The process of measurement describes the collapse of the quantum state due to contact with the environment. After measurement, the states of the qubits are known without any uncertainty. It is possible to extract at most 1 bit of information from a qubit. In order to extract more information about the probability distribution encoded in a given quantum state, it is necessary to perform measurement of the same state multiple times.

## 1.2.4 Fourth postulate – Observable

**Postulate 4. ***For every measurable property of a physical system, there exists a **corresponding Hermitian operator. The values of the physical observables **correspond to the expectation values of Hermitian operators. The expectation value* *of the Hermitian operator *𝒜 *in the normalised state * *is given by*

Let us consider the general case where the expectation value of a Hermitian operator 𝒜 is calculated in state , which is not an eigenfunction of 𝒜. By the Spectral Theorem 3 (see also (1.2.3)), the state of a system can be represented as the superposition

where ()_{i=1,…,N} are the eigenfunctions of 𝒜 and (*α*_{i})_{i=1,…,N} the corresponding probability amplitudes.

Therefore, the *expectation value *of 𝒜 in state , given in (1.2.4), is calculated as

where (*λ*_{i})_{i=1,…,N} are the eigenvalues of 𝒜. The only terms that survive in the expression for are those with *i *= *j *due to the orthogonality of the eigenfunctions, so that

Therefore, the value of the observable is a weighted average of the eigenvalues of the corresponding Hermitian operator. The weights are the coefficients (|*α*_{i}|^{2})_{i=1,…,N}, which are the probabilities of measuring the corresponding eigenstate of 𝒜.

Hermitian operators play an exceptionally important role in quantum mechanics since their expectation values correspond to physical observables.

## 1.2.5 Fifth postulate – Composite System

**Postulate 5. ***The state space of a composite physical system is the tensor **product of the state spaces of the individual component physical systems.*

If the first component physical system is in state and the second component physical system is in state , then the state of the combined system, , is given by the tensor product

Not all states of a combined system can be separated into the tensor product of states of individual components. If the state of a system cannot be separated into component parts, we say that the component parts are *entangled*.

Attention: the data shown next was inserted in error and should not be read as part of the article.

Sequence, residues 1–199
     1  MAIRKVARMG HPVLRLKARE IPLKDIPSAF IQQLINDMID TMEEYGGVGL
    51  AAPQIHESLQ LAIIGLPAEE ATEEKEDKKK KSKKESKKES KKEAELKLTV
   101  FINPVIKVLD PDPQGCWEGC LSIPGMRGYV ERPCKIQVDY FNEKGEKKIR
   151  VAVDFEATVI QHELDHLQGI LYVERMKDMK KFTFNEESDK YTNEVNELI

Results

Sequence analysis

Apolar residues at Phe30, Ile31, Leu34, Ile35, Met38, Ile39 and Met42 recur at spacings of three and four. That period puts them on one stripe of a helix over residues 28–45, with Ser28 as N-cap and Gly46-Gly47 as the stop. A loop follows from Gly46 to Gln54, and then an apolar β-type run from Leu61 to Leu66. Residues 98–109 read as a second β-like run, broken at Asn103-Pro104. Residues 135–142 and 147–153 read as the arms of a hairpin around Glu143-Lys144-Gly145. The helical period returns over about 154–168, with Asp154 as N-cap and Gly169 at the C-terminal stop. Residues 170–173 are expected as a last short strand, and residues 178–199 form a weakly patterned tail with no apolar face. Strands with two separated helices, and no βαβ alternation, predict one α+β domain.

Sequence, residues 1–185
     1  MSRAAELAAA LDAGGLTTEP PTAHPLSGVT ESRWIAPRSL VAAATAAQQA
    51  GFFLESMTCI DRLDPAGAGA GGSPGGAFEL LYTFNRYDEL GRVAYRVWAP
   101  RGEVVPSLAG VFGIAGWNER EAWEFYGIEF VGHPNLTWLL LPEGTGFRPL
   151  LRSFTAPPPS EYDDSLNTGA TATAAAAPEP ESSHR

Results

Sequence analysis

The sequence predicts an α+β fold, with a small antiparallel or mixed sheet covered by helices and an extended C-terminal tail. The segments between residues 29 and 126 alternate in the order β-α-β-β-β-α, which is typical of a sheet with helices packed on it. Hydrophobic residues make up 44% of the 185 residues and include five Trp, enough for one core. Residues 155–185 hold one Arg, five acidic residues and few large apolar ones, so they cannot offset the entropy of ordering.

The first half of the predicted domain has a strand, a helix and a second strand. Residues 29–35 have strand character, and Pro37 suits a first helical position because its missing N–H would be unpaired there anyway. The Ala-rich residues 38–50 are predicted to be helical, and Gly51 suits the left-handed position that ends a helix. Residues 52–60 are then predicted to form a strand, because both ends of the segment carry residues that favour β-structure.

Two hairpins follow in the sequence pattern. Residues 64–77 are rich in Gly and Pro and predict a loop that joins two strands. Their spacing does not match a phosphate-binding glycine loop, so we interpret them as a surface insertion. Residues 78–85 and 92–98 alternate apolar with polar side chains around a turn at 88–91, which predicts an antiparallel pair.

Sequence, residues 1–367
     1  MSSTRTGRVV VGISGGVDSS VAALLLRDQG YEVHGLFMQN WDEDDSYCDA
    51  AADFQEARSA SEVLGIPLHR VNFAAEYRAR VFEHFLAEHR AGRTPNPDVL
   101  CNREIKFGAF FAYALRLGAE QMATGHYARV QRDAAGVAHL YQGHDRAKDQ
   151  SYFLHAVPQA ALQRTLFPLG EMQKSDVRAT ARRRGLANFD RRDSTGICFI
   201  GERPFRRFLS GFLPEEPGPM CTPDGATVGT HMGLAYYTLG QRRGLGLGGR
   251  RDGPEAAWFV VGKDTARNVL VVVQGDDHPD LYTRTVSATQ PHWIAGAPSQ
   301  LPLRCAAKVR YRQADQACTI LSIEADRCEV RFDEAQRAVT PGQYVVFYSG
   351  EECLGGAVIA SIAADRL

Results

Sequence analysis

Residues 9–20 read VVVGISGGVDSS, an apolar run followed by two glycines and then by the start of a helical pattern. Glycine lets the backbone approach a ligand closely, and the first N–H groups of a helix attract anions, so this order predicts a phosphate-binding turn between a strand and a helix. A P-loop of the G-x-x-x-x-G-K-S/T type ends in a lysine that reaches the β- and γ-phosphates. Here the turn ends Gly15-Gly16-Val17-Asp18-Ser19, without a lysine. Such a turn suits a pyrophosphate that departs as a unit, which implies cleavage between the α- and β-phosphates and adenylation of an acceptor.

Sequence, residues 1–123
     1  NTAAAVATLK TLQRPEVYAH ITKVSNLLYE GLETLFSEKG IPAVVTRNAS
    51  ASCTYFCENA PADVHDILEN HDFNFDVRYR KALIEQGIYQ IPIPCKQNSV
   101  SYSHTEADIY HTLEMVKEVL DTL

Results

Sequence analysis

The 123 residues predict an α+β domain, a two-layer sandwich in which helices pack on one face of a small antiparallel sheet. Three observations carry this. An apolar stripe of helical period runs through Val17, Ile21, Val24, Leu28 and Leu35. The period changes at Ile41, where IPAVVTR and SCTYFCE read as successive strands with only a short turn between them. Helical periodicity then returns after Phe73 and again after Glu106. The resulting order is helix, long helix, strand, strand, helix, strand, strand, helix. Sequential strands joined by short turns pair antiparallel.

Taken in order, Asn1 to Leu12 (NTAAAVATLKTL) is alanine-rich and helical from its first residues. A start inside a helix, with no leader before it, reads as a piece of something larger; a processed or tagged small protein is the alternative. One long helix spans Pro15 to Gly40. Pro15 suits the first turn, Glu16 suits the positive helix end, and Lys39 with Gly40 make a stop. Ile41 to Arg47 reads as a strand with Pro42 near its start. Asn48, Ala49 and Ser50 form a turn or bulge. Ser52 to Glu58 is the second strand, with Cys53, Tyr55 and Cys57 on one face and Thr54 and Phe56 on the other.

The entanglement of quantum systems is one of the major sources of computational power of quantum computing. It allows us to store exponentially more information in the correlations between the states of individual subsystems (in the limit – individual qubits) than directly in the states of individual subsystems.

To illustrate this point, we can look at the number of probability amplitudes needed to describe the state of an *n*-qubit system. An individual qubit can be found in one of the two possible states after measurement – one of the two basis states, or . This means that we need to specify two probability amplitudes to fully describe the state of the qubit before measurement. If all our qubits are independent and the state of the system can be represented as a tensor product of individual qubit states,

then we need to specify 2*n *probability amplitudes (two for each individual quantum states) to describe the state of the system. If, however, all individual qubits are entangled and the tensor product representation of the system state does not exist, we need to specify 2^{n} probability amplitudes – this is an effective measure of useful information that can be stored in the system.

The power of quantum computing is derived from the principles of superposition and entanglement. Entanglement allows us to store most of the information in correlations between the qubit states.